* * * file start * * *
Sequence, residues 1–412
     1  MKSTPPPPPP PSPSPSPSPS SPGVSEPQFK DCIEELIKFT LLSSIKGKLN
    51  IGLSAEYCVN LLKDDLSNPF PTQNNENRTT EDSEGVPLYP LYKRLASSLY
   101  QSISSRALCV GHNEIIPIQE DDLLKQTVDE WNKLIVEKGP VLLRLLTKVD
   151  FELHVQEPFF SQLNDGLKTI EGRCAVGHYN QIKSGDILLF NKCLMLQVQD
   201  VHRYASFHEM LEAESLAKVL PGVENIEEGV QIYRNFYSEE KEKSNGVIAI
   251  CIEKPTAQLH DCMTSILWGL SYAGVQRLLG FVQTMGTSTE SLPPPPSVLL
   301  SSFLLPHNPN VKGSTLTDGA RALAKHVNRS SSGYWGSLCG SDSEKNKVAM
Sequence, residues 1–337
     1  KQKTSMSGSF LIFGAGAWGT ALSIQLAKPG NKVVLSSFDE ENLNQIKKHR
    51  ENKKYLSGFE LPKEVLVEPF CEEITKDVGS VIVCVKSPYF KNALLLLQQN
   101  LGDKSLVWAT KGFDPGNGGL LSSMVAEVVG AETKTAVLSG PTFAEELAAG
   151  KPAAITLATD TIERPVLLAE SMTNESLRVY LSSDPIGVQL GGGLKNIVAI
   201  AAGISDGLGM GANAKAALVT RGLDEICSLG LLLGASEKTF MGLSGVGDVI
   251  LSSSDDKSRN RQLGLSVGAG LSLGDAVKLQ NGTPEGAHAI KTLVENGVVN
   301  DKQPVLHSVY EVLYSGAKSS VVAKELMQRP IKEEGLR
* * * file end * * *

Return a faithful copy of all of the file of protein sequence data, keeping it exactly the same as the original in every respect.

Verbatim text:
Sequence, residues 1–412
     1  MKSTPPPPPP PSPSPSPSPS SPGVSEPQFK DCIEELIKFT LLSSIKGKLN
    51  IGLSAEYCVN LLKDDLSNPF PTQNNENRTT EDSEGVPLYP LYKRLASSLY
   101  QSISSRALCV GHNEIIPIQE DDLLKQTVDE WNKLIVEKGP VLLRLLTKVD
   151  FELHVQEPFF SQLNDGLKTI EGRCAVGHYN QIKSGDILLF NKCLMLQVQD
   201  VHRYASFHEM LEAESLAKVL PGVENIEEGV QIYRNFYSEE KEKSNGVIAI
   251  CIEKPTAQLH DCMTSILWGL SYAGVQRLLG FVQTMGTSTE SLPPPPSVLL
   301  SSFLLPHNPN VKGSTLTDGA RALAKHVNRS SSGYWGSLCG SDSEKNKVAM
Sequence, residues 1–337
     1  KQKTSMSGSF LIFGAGAWGT ALSIQLAKPG NKVVLSSFDE ENLNQIKKHR
    51  ENKKYLSGFE LPKEVLVEPF CEEITKDVGS VIVCVKSPYF KNALLLLQQN
   101  LGDKSLVWAT KGFDPGNGGL LSSMVAEVVG AETKTAVLSG PTFAEELAAG
   151  KPAAITLATD TIERPVLLAE SMTNESLRVY LSSDPIGVQL GGGLKNIVAI
   201  AAGISDGLGM GANAKAALVT RGLDEICSLG LLLGASEKTF MGLSGVGDVI
   251  LSSSDDKSRN RQLGLSVGAG LSLGDAVKLQ NGTPEGAHAI KTLVENGVVN
   301  DKQPVLHSVY EVLYSGAKSS VVAKELMQRP IKEEGLR